DEAR DR. BLONZ: It would seem that olive oil is generally recognized by nutritionists as the best oil for cooking and baking. It is my understanding that there are three pressings of olives to make three grades of olive oil. Other than price, what is the difference between extra virgin, virgin and regular olive oil? -- D.D., Santa Barbara, California
DEAR D.D.: The main differences between the different grades of oilve oil are color, flavor, price and phytochemical content. Extra-virgin olive oil is the darkest, the most flavorful, the richest source of beneficial phytochemicals and the most expensive. Regular is the palest in color, has a minimum of the olive's fruitiness and phytochemicals, and is the least expensive. Virgin olive oil is midway in all these categories. All three are more or less identical in fat content: They are 100 percent fat, with the fatty acids being approximately 14 percent saturated, 77 percent monounsaturated and 9 percent polyunsaturated.
DEAR DR. BLONZ: My dad had colon cancer, and luckily it was caught in time. This puts me at higher risk. In addition to regular screenings, one of the things I am doing is staying away from foods that use nitrite preservatives, because they can form cancer-causing nitrosamines. I now read that spinach, beets and other vegetables I eat contain nitrates, and that these can convert to nitrites. How dangerous are the nitrates in foods, and are these things I should also be seeking to limit? -- F.S. Eureka, California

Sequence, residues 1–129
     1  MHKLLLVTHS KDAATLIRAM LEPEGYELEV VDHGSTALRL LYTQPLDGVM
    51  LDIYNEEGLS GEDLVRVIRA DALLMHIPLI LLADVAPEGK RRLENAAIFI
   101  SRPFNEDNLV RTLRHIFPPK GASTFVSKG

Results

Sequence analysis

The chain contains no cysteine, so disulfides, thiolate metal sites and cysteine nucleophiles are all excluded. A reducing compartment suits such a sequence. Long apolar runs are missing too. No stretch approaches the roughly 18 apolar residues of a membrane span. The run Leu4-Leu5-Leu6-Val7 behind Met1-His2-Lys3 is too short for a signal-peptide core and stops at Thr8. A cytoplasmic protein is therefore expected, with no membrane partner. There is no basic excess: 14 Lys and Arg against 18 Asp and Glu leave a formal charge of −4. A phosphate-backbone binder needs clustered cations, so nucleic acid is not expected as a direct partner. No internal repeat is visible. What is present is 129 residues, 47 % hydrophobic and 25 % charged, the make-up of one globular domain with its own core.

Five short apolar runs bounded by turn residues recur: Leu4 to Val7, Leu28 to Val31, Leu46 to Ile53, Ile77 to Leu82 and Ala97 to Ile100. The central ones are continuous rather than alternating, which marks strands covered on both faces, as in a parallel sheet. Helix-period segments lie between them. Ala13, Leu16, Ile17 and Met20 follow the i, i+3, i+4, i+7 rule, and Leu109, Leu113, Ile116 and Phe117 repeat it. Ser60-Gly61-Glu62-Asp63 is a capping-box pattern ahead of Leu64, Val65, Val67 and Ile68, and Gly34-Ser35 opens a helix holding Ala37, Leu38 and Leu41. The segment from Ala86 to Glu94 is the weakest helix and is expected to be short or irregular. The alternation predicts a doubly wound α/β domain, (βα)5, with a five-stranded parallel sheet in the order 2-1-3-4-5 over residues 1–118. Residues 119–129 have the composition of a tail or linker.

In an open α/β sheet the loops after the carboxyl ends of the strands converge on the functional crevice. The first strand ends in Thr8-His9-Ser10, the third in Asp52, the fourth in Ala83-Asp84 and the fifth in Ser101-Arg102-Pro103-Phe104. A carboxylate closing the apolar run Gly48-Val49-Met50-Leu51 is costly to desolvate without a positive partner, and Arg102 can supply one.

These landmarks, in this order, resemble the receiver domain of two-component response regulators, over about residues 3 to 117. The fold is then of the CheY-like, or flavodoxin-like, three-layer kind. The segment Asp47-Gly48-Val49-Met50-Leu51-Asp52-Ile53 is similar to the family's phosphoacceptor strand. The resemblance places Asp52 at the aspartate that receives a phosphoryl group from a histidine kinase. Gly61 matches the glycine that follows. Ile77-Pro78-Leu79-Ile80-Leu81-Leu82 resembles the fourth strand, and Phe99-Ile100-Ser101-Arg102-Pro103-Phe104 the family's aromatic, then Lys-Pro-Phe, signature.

DEAR F.S.: While they are very closely related, there is an important difference between nitrates and nitrites. Nitrates are compounds that are naturally present in many different types of foods, including vegetables and fruits. Nitrites are food additives used in cured meat products to decrease the risk of botulism. Nitrosamines are carcinogenic compounds that form when a nitrite combines with an amine. (Amines are released when the amino-acid building blocks of protein are metabolized.)
Before a nitrate can become a nitrosamine, it must first be reduced (a chemical process) into a nitrite, and it then has to be alongside an amine in an environment that encourages their combination.
The conversion of nitrate to nitrite is usually handled by bacteria, and while there are bacteria in our saliva, they convert only a small amount of the nitrates we consume. The process is inhibited in an acid environment, so if there is vitamin C present, as is often the case with fruits and vegetables, it proceeds even more slowly. Nitrates tend to be absorbed after they leave the stomach. There are bacteria in the large intestine, but by that point there is a negligible risk of any nitrate stragglers finding and sidling up to an amine and turning into a nitrosamine.
Contrast all this with nitrite-preserved meat products, in which all the players (the nitrite and the amine from the meat protein) are there in the same package. There is no guarantee that nitrosamines will form -- and nitrites are certainly preferable to the risk of botulism -- but by comparison, the natural nitrates in fruits and vegetables represent a healthful walk in the park.
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